Hello, my name is***** and I have over 20 years of experience as a veterinarian. I am sorry that your fellow Geordie is thin and has been dealing with chronic diarrhea for many months, since 3 months of age. Dogs that have long term diarrhea have abnormal gut motility, and thus may have some reverse gut motility or stasis and that can lead to vomiting and nausea, thus a loss of appetite. The cramping that comes along with diarrhea can also affect appetite. Is his appetite at all off or is he readily eating at every feeding
but still not putting on weight? It is important to describe what sort of loose stools he has to try and localize the problem. Loose, small stools with mucous or bright red blood and straining or urgency to pass stools more frequently point more towards large bowel diarrhea or colitis
, whereas watery, voluminous stools with no mucous, no increased urgency or frequency to go, along with weight loss or lack of weight gain point more toward small bowel disease. Some dogs have both small and large bowel diarrhea, although even with those pups most seem to have more symptoms of one than the other that may point to where the trouble started. Chronic diarrhea can be secondary to heavy parasite infestation, but although that would explain his initial loose stools that is less likely in an adult dog, and I suspect he has already been wormed several times even with negative stools. If not I highly recommend that be done. I recommend Panacur (fenbendazole) as it has a wide spectrum against many parasites. Chronic diarrhea can also be due to bacterial overgrowth, an inability due to digest and absorb food due to metabolic organ disease, (especially liver disease), pancreatic disease or endocrine disease (hyperthyroid, Addison's disease), or primary intestinal disease. Chronic diarrhea does cause changes in motility of the gut and can lead to bacterial overgrowth in the gut. Probiotics such as Fortiflora or Benebac can help replace appropriate bacteria. I see that he has had stool samples checked to make sure that parasites aren't part of his problem. Have any other diagnostic tests on his stools been checked, such as fecal cultures or smears to look for bacteria or unusual parasites that may be hard to pick up of a regular fecal?If not I recommend a fecal culture and direct smear to check for abnormal bacteria such as clostridia ect. be done. Has he had basic blood tests to assess liver and kidney enzymes and blood protein levels?Dogs with intestinal inflammation are unable to digest or absorb nutrients from food and lose proteins through a damaged intestinal wall. Dogs with organ disease cannot digest and absorb food properly, nor metabolize it normally, and may lose proteins through their kidneys thus they cannot gain weight. It is quite possible that he has a food allergy/sensitivity or inflammatory bowel disease and that he needs a different low residue, easy to digest food or a hypoallergenic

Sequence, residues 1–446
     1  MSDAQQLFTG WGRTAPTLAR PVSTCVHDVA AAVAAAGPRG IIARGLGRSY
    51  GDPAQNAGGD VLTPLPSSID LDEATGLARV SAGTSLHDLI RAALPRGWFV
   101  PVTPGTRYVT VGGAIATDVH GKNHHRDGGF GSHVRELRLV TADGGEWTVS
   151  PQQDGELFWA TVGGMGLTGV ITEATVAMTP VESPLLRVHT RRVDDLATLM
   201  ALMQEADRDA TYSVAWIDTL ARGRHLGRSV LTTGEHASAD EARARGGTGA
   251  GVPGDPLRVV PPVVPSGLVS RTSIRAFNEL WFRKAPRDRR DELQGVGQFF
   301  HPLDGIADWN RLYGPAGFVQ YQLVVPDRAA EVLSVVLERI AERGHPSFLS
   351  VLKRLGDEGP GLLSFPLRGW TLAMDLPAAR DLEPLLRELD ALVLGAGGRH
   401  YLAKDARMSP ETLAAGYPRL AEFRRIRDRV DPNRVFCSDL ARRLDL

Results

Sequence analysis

food to be able to properly digest and absorb his food and not have loose stools. I highly recommend a trial of either Hills i/d or Purina Veterinary Diets
EN. No treats
, table food or edible chewies while he is on his food trial. If he does well he can eat these foods for life as they are balanced. Having had 2 dogs with inflammatory bowel disease I have a personal preference for Purina Veterinary Diets EN. Dogs with food allergies
can benefit from Hills z/d or Purina Veterinary Diets HA. There are other possibilities too as I mentioned.Addison's disease, which is a poorly functioning adrenal gland, can lead to chronic diarrhea and vomiting. These dogs cannot handle stress at all because their adrenal gland doesn't produce cortisone when stressed and their electrolytes can be off too if their adrenal gland isn't controlling that normally either. We see vomiting, diarrhea and sometimes physical collapse in severely affected dogs. Testing is an ACTH response test to check adrenal gland function and checking electrolyte levels. Treatment is steroid replacement therapy and electrolyte replacement. Pancreatic insufficiency (EPI) is another possibility. These dogs have a pancreas that produces a decreased amount of digestive enzymes, and the amount produced can wax and wane in some cases, especially early in the disease process. Testing is by running a blood test called a TLI which checks for digestive enzymes. Treatment is replacement of digestive enzymes at each meal. An easier to digest food would be expected to create less problems with digestion and as such less diarrhea.I understand his folate levels were low. Pancreatic insufficiency can affect folate levels, so we need to test his pancreatic function. If he has normal pancreatic function then low folate signifies proximal (closest to the stomach
) small intestine disease. Were his cobamalin levels checked too? Cobalamin is absorbed in the distal small intestine (closer to the colon). Low levels are often seen in patients with EPI, bacterial overgrowth in the upper small intestine, or disease affecting the distal small intestine. In short more diagnostics need to be done. They can be as simple as more fecal checks and cultures, as well as blood tests to check pancreatic and/or adrenal gland function. An abdominal ultrasound could be very helpful to look at his adrenal gland, liver and kidney size and shape as well as his intestines. Or more invasive testing such as biopsies of his gastrointestinal tract to look for inflammatory bowel disease, or rare fungal infections that affect intestinal function, can be done.In the meantime a diet changes as I described above may help.Please let me know if you have any further questions.